Building a Democratic Political Order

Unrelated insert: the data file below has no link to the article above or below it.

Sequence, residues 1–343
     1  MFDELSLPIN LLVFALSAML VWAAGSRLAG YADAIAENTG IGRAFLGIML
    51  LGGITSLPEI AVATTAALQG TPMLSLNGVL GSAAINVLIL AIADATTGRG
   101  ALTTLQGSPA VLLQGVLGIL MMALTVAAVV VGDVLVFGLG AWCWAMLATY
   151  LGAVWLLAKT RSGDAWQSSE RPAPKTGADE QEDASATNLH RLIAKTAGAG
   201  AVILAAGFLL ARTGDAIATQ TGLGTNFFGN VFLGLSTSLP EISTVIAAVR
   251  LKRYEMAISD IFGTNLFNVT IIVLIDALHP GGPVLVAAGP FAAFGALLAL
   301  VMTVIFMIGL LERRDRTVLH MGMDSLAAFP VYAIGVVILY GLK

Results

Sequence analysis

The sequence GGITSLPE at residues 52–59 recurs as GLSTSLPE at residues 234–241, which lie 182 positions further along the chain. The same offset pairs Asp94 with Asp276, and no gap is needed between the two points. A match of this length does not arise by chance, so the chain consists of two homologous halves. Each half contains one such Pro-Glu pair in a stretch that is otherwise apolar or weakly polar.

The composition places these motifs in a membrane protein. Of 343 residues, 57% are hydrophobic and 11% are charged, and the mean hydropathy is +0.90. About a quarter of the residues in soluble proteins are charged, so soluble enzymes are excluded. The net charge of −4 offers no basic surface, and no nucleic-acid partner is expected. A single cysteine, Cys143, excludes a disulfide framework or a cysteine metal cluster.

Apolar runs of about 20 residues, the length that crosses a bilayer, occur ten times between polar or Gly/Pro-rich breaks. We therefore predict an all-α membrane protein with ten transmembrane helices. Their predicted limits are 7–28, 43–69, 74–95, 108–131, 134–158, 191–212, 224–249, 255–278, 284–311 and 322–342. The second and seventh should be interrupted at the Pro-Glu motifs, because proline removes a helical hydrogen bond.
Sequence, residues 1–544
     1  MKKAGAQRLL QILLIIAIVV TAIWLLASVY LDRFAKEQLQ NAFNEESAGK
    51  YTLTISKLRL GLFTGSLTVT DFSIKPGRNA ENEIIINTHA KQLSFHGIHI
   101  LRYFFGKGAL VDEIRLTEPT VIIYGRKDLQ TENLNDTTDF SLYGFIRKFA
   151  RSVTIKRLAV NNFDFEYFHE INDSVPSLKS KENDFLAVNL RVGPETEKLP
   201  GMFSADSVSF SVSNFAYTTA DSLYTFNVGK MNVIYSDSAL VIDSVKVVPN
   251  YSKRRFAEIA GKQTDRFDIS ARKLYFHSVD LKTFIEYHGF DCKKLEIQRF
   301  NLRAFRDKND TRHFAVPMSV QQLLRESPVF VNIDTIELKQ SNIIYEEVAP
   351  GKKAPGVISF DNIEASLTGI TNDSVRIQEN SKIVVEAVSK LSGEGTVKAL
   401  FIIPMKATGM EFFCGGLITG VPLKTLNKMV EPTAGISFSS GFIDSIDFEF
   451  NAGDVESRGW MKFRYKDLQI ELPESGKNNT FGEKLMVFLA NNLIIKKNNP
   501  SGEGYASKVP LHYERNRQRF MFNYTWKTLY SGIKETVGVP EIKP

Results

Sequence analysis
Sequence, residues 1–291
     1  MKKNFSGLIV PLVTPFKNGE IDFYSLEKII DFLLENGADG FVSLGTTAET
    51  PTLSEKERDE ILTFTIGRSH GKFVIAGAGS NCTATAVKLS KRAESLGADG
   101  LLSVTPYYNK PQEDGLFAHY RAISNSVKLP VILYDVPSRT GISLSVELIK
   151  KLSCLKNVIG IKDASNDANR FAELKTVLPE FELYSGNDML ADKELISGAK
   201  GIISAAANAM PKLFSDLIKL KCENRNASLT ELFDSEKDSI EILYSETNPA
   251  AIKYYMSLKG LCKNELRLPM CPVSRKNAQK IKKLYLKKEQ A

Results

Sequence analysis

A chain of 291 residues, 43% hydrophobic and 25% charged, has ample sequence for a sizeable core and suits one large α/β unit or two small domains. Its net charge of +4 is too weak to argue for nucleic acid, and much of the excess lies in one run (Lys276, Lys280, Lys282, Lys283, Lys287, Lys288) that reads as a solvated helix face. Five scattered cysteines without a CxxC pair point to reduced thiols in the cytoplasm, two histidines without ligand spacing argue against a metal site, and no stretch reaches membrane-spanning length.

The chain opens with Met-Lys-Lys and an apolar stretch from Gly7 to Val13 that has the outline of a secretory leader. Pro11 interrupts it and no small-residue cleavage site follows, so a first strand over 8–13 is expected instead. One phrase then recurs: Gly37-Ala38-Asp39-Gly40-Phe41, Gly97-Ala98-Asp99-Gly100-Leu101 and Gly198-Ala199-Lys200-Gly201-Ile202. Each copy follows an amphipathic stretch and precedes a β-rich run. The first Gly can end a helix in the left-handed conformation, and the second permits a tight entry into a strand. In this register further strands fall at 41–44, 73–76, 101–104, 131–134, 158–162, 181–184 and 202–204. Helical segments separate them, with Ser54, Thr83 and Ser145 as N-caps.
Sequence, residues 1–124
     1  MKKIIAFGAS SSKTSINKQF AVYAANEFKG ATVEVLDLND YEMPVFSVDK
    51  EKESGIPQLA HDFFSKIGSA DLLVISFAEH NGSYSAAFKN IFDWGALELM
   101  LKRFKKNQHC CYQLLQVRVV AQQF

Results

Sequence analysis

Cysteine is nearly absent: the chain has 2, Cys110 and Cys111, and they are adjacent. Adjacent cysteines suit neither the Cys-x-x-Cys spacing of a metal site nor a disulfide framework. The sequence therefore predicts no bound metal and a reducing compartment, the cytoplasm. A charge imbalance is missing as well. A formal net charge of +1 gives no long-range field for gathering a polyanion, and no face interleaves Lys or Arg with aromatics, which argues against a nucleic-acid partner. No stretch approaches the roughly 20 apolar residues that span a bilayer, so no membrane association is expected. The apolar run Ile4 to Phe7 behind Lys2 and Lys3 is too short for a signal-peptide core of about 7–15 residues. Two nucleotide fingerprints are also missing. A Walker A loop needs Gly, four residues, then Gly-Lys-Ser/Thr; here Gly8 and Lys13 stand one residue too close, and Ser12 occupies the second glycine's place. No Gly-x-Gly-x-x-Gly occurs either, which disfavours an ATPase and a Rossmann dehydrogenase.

David Plotke analyses the dramatic changes in American politics that occurred during the 1930s and 1940s - including the break-up of national Republican power, the growth of the federal government, the emergence of a new labour movement, American entry into World War II, the Cold War and domestic anti-Communism, and the opening of national political debate about civil rights. The central dynamic of this era was the creation and maintenance of a distinctive new political order, formed through the creative political action of progressive liberals in alliance with mass movements, notably labour. At the core of this new order was a powerful triangle formed by a national state, a leading party, and major nonparty interest groups and movements. Democratic progressive liberalism recast American political institutions and discourses in ways that went well beyond what was expected in the early 1930s, and in forms strong enough to endure for several decades after Roosevelt's death.